Metro Weekly

Fancy Hagood: “Music Has Been My Center of Joy”

Fancy Hagood is the very picture of pure country -- with a little Elton John pop thrown in for good measure.

Fancy Hagood -- Photo: Natalie Osborne
Fancy Hagood — Photo: Natalie Osborne

“Music has been my center of joy,” says Fancy Hagood. “I was singing way before I was having full-blown conversations. I don’t know if it comes from another life — a previous life — but from my earliest memory, music is the thing that makes me feel centered. It’s the thing that makes me feel like myself. I love to sing.”

And, increasingly, the world loves to hear Fancy sing. The 32-year-old Arkansas native, who was raised in “a very traditional Christian evangelical household” and who now calls Nashville his home, released his first single in 2015, the beat-enriched, delightfully catchy “Goodbye,” under the moniker Who is Fancy.

He had co-signed with Scooter Braun and Scott Borchetta on Big Machine Label Group and Dr. Luke on Prescription Songs, and he freely acknowledges he had little control over either his persona or career.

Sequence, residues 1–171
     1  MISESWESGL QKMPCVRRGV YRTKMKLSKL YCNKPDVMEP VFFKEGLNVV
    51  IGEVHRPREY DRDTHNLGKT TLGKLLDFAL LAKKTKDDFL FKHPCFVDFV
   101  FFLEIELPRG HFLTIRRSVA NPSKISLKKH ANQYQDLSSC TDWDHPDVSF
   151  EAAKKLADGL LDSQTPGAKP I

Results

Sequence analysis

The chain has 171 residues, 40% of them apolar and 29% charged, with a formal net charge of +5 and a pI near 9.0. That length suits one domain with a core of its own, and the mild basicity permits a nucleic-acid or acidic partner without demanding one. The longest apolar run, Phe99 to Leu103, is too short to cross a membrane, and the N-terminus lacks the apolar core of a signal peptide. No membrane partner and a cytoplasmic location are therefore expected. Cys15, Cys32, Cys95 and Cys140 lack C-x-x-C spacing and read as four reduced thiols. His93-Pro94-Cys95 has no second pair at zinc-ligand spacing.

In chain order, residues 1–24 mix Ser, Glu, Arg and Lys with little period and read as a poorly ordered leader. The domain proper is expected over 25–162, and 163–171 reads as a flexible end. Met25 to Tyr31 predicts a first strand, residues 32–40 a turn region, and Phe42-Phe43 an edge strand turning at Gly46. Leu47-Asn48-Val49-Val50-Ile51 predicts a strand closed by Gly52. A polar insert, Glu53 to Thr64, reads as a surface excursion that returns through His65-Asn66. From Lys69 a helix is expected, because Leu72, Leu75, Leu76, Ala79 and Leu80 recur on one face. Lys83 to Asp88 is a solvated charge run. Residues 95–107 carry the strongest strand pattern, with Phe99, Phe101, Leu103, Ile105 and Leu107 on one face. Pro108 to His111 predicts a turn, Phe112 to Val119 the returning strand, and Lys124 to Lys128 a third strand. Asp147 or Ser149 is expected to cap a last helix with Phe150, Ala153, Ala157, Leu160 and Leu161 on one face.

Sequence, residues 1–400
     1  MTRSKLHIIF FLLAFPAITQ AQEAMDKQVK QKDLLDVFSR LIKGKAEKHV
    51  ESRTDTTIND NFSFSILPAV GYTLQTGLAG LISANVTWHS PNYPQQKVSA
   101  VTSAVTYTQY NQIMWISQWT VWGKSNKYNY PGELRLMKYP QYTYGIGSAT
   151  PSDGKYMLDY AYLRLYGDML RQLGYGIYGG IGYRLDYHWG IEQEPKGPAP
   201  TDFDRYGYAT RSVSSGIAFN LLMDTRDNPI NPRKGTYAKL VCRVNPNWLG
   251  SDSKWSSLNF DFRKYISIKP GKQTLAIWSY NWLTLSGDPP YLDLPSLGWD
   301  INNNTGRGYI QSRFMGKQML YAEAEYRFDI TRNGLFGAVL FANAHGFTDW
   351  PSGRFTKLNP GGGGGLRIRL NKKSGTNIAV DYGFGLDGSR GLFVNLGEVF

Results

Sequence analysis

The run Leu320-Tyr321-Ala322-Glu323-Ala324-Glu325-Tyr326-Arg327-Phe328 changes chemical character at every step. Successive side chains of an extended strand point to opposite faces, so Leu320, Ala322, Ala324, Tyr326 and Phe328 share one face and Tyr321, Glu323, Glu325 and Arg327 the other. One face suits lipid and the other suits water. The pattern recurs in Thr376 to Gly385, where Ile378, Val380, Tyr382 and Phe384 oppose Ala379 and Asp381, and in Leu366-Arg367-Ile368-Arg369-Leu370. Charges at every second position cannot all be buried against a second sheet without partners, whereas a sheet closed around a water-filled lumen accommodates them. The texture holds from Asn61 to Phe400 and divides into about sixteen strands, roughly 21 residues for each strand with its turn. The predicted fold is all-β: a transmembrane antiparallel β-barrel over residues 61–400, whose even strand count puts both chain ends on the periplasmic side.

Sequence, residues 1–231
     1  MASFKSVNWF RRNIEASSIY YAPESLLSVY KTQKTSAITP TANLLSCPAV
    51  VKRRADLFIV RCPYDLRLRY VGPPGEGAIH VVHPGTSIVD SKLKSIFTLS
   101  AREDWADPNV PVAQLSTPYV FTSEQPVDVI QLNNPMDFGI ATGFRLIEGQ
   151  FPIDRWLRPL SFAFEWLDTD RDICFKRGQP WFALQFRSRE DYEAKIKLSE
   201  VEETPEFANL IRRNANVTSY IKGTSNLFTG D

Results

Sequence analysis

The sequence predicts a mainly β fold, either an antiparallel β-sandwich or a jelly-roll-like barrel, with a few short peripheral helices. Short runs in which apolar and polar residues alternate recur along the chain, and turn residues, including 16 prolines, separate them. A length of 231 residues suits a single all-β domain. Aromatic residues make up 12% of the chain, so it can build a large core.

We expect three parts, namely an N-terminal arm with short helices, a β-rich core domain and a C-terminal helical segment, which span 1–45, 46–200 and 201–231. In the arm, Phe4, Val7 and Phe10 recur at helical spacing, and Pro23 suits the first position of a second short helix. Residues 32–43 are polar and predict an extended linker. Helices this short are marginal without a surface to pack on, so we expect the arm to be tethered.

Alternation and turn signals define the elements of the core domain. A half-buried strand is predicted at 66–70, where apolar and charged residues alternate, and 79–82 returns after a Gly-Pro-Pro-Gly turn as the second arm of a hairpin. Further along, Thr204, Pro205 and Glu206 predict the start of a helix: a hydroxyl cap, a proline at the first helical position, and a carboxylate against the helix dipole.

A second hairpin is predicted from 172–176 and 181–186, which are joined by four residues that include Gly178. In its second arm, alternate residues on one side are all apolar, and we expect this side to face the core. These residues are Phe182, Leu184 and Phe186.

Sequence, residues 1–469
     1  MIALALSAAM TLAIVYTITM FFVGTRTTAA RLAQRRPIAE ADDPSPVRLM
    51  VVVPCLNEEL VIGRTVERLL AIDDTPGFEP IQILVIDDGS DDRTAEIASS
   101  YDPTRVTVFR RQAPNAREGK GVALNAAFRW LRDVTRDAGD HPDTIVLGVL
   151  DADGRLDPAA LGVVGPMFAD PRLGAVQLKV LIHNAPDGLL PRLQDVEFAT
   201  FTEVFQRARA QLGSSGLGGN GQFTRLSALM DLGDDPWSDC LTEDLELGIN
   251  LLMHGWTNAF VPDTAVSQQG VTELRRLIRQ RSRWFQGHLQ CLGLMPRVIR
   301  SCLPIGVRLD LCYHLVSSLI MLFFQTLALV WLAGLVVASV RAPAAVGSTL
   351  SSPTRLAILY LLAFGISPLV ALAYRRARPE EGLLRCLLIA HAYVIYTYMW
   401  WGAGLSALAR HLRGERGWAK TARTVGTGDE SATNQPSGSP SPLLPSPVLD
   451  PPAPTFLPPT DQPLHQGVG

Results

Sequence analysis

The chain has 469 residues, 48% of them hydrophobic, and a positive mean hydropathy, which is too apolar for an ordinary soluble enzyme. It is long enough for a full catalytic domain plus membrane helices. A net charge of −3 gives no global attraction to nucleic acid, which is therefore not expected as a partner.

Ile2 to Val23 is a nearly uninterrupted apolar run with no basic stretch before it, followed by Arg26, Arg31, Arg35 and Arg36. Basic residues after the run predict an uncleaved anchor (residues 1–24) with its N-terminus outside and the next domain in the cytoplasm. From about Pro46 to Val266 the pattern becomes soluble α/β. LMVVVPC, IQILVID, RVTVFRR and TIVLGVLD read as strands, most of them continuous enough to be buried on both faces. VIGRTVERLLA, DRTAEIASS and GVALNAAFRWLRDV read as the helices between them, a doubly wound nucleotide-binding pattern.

Case in point: The original video for “Goodbye” didn’t even reveal the adorably burly, bearded bear of a singer. Instead, three separate videos were shot, identical in their camera moves, background action, and edits, but each featuring a different “type” of person — a tattooed twink, a black drag queen, a plus-sized black woman — miming the lyrics as, dazed and dead-eyed, they underwent a controlled — one might even say abusive — transformation.

Hagood is forthright about his lack of involvement in that early part of his career, noting the video alone “should have been a big warning sign to me.”